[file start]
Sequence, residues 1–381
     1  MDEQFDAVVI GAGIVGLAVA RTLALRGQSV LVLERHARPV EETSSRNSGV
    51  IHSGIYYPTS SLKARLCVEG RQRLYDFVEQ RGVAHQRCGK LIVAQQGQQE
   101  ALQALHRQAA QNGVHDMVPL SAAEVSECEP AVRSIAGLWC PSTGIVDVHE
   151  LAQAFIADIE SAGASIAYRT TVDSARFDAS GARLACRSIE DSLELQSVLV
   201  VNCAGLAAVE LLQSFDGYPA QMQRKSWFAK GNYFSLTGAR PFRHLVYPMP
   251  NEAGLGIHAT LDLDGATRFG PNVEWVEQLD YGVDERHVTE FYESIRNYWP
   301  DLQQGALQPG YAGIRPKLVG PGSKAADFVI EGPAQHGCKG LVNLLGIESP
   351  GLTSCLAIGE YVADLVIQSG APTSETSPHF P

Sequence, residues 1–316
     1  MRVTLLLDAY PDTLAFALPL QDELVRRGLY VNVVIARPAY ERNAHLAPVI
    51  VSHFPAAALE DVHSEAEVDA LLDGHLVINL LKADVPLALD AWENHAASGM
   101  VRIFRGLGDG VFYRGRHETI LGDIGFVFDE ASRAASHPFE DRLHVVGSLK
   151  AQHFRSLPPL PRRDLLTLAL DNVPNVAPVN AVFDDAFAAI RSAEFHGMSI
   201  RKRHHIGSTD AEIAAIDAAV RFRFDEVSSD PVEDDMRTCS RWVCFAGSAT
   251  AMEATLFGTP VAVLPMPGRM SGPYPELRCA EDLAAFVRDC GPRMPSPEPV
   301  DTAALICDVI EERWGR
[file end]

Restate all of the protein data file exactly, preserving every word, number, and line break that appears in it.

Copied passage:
Sequence, residues 1–381
     1  MDEQFDAVVI GAGIVGLAVA RTLALRGQSV LVLERHARPV EETSSRNSGV
    51  IHSGIYYPTS SLKARLCVEG RQRLYDFVEQ RGVAHQRCGK LIVAQQGQQE
   101  ALQALHRQAA QNGVHDMVPL SAAEVSECEP AVRSIAGLWC PSTGIVDVHE
   151  LAQAFIADIE SAGASIAYRT TVDSARFDAS GARLACRSIE DSLELQSVLV
   201  VNCAGLAAVE LLQSFDGYPA QMQRKSWFAK GNYFSLTGAR PFRHLVYPMP
   251  NEAGLGIHAT LDLDGATRFG PNVEWVEQLD YGVDERHVTE FYESIRNYWP
   301  DLQQGALQPG YAGIRPKLVG PGSKAADFVI EGPAQHGCKG LVNLLGIESP
   351  GLTSCLAIGE YVADLVIQSG APTSETSPHF P

Sequence, residues 1–316
     1  MRVTLLLDAY PDTLAFALPL QDELVRRGLY VNVVIARPAY ERNAHLAPVI
    51  VSHFPAAALE DVHSEAEVDA LLDGHLVINL LKADVPLALD AWENHAASGM
   101  VRIFRGLGDG VFYRGRHETI LGDIGFVFDE ASRAASHPFE DRLHVVGSLK
   151  AQHFRSLPPL PRRDLLTLAL DNVPNVAPVN AVFDDAFAAI RSAEFHGMSI
   201  RKRHHIGSTD AEIAAIDAAV RFRFDEVSSD PVEDDMRTCS RWVCFAGSAT
   251  AMEATLFGTP VAVLPMPGRM SGPYPELRCA EDLAAFVRDC GPRMPSPEPV
   301  DTAALICDVI EERWGR